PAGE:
Monday, November 26, 2012
Lost in the story- Storyteller's log star date 11-26-2012
Lost in the story. What does that mean? If your audience is lost in your story, that is a great thing. It means that they are totally engrossed in the imaginary worlds that you've created. This is exactly what you want.
You also don't need to suspend your disbelief. I've never gone into a movie theatre and yelled out, "Stop the projector!, I forgot to suspend my disbelief." I wouldn't even know how to begin to suspend my disbelief, do you? When I'm "lost in the story" the only way I come out is if the director does something stupid to bump me out of it, like a jump cut, or if I have to go to the bathroom.
But there is another sense of being lost in the story, when you're writing a story and don't know what to do to fix it. This is a horrible kind of being lost in the story. Unfortunately, its very common. Every movie I've every worked on our whole crew has been lost in the story at times. For those of you who work in animation you know how often we'll do act one over an over and over and over. And then when we finally get to act three we realize we have to redo act one again to fit with act three. We all longed for the day when we could just put the whole movie up as fast as possible and then critique it. There's a reason for this that we'll learn along the way.
Is this destiny?
I know when I work on my own stories I get lost in the story. What do I do next? Where do I go? Does this even work? Should I add another character, a car chase, a song? Well, one of the places I went was to map my way was screenwriting books. I've read thousands of them. (Well, maybe a hundred, maybe twenty) but it feels like thousands. Each one has made me a better writer and storyteller. Each one has it's own unique take on storytelling that has something valuable to offer. And each one shares certain assumptions, some dating back as far as Aristotle.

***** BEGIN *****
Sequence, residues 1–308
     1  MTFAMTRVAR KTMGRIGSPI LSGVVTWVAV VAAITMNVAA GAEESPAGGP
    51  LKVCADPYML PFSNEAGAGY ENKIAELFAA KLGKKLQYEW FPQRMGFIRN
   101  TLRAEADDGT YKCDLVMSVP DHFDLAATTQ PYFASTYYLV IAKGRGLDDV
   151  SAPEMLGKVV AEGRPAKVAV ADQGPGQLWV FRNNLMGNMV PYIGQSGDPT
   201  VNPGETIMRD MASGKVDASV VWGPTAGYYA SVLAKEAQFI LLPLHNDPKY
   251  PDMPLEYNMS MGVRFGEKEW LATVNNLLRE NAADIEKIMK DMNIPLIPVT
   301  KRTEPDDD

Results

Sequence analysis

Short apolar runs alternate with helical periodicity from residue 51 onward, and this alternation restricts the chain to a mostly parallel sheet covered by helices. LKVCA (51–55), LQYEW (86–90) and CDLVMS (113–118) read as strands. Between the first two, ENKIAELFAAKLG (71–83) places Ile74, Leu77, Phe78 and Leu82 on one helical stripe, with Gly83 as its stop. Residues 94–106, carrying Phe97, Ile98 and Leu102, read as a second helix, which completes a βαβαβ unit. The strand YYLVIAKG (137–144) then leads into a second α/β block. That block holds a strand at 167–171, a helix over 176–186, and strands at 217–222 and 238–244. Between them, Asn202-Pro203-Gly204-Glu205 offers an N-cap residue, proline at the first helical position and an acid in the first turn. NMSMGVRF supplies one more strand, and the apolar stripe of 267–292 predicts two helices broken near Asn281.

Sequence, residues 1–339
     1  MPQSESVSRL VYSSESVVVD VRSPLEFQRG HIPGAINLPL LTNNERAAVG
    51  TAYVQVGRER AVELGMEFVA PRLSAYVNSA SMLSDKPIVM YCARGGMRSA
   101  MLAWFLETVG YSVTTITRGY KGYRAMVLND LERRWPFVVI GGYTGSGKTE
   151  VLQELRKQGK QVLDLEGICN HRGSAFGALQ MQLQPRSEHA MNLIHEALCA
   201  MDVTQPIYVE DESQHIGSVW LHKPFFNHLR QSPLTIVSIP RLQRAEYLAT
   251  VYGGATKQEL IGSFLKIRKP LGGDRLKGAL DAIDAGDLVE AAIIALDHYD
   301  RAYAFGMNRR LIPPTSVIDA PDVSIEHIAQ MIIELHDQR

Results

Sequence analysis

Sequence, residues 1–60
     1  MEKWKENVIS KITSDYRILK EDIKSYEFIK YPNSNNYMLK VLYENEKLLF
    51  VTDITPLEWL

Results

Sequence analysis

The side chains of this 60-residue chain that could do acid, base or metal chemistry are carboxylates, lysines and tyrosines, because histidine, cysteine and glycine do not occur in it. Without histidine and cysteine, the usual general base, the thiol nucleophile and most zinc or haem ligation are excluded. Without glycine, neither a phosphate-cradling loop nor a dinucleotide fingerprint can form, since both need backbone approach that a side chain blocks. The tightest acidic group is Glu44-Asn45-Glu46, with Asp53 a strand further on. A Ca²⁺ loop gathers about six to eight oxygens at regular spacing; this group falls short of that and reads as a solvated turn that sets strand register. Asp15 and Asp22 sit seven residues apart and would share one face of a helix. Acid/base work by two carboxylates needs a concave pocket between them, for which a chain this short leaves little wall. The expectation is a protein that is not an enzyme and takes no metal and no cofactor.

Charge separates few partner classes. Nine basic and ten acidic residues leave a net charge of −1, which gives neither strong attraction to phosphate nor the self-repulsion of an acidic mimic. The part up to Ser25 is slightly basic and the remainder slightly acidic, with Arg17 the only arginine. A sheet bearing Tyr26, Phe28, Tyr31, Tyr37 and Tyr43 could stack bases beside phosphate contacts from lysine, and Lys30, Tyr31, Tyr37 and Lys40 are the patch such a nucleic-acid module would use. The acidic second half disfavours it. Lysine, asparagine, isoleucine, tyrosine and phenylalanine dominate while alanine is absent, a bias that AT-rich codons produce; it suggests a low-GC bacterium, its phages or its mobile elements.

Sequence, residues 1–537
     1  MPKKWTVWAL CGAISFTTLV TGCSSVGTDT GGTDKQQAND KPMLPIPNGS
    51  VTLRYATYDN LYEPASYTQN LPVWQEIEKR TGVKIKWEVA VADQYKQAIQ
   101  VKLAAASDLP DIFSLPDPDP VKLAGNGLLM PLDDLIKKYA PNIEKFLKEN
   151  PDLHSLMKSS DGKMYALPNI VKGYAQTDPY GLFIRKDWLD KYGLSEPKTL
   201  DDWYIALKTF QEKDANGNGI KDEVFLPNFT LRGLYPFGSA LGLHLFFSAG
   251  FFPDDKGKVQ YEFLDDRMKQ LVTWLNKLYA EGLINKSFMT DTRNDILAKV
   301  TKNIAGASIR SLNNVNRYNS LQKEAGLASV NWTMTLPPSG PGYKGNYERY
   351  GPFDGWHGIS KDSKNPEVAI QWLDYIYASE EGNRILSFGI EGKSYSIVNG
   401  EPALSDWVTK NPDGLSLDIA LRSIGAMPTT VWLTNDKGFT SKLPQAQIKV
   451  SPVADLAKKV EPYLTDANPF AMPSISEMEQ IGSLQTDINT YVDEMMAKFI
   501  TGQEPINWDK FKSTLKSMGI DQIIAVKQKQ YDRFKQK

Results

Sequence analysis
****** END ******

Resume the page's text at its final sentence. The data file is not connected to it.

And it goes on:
Well, I had an intuition that there had to be a better way. I went down many dead ends but also learned insights along the way. I read stuff no animator would read. Survey question: How many of you have read, Gregory Bateson's Steps to an Ecology of Mind? What can I say, I'm weird that way.
As I promised, at my Creative Talent Network Animation Expo presentation, I'm going to share with you the writing process of my next book on my new theory of story. My students helped improve my first two books. I would love your input and feedback. Don't be shy.
So join, Iggy, the impulsive pig, Scared Bunny and me as we search for the untold secrets of storytelling.
You really didn't think I'd tell you it all the secrets in the first blog did you? What kind of storyteller would I be if I did that. Scheherazade knew the secret of storytelling is story delaying. Leave your audience with a cliff hanger.
That way they'll stick around to see what happens.